The “incompetent” link sends us to yet another Gelman post where he writes “Incompetence is not so bad — all of us are incompetent at times — but, as scientists, we should try to recognize the limitations of our competence.” That doesn’t sound like an attack to me.

The “deep denial” link is by Gelman again, where he does say Cuddy is in deep denial. But as with the “defensive” link, I think it is fair to characterize Cuddy’s reaction to the Ranehill failed replication as “deep denial”.

The “pseudoscience” quote was just used in the title of one of Gelman’s posts, and in the comments he specifically writes “I never said that psychology is a pseudoscience, nor did I ever intend to imply this.”

The “junk science” just comes from a comment on Gelman’s blog. I wonder if Sabeti would want comments on her articles attributed to her.

The “mockworthy” reference is accurate, but I’m not sure that it can be classified as an attack directed at someone responding to revolutionaries.

The “anti-replication” reference is also accurate, but there really is a group of psychologists who don’t value replications, so I wouldn’t say that this adjective is “unfair”.

In addition to these questionable references, Sabeti has a couple truly bizarre statements in her piece.

For example, regarding the criticized research she writes:

These novel ideas are important because they awaken new thinking. They are not finished, and their authors don’t claim that they are.

So when Amy Cuddy gives a TED talk, writes a book, and goes on multiple TV shows saying there’s science behind her claims, what is that? When Fritz Strack offers to have his work replicated because it is a “textbook finding”, what is that? When Angela Duckworth writes a book, gives a TED talk, and has her ideas instituted in schools, what is that?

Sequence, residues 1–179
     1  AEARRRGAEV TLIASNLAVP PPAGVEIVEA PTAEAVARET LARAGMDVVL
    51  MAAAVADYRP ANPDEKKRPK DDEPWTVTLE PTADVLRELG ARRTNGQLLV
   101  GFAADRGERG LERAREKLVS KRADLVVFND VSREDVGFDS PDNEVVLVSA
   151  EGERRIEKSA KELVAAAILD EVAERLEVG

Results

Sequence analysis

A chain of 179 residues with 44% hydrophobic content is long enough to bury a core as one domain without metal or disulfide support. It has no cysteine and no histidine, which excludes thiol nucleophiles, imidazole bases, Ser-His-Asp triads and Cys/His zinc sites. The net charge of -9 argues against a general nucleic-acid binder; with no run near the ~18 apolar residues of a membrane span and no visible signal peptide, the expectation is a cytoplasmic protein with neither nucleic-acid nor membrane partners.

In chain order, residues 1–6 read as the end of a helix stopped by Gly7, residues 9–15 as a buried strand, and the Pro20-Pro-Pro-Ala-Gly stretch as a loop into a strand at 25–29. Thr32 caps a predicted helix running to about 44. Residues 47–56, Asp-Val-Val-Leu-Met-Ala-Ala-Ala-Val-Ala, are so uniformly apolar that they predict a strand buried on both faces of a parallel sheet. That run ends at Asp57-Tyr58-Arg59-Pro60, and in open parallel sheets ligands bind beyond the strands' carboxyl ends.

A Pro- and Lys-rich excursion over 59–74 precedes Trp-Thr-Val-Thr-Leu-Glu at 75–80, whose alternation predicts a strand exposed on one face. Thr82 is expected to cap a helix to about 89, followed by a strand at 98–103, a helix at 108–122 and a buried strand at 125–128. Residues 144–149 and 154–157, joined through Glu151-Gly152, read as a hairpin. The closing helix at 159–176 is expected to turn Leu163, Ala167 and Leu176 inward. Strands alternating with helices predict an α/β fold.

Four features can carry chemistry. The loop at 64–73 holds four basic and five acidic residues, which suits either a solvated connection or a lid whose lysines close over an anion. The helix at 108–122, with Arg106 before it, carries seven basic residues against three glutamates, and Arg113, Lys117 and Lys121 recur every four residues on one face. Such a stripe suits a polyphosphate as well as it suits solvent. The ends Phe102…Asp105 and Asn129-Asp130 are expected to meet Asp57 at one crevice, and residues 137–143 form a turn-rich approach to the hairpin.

I’m also not sure I would classify work which was so questionable CNN took down their article covering it as an idea with value.

The irony is that if Sabeti was actually a regular reader of Gelman’s blog she would probably agree with him. Referring to her field of genetics, she writes:

We returned to an agnostic baseline, rather than one of irrational loyalty to — or abnegation of — previous research conducted under earlier norms.

As an avid reader of Gelman’s blog, I can attest that Gelman always says that the hypothesis of the work he is criticizing may be true, but the data collected and analyses performed do not provide evidence for or against the hypothesis, i.e. we should be agnostic. For example, in this post Gelman even discusses the possibility that Wansink’s hypotheses are correct, yes, even Wansink.

I’d like to think that if Sabeti was more familiar with the field of social psychology she would not have written her article. While it is noble to publicly defend a friend, I sincerely hope the quality of her opinion piece is not representative of her other work.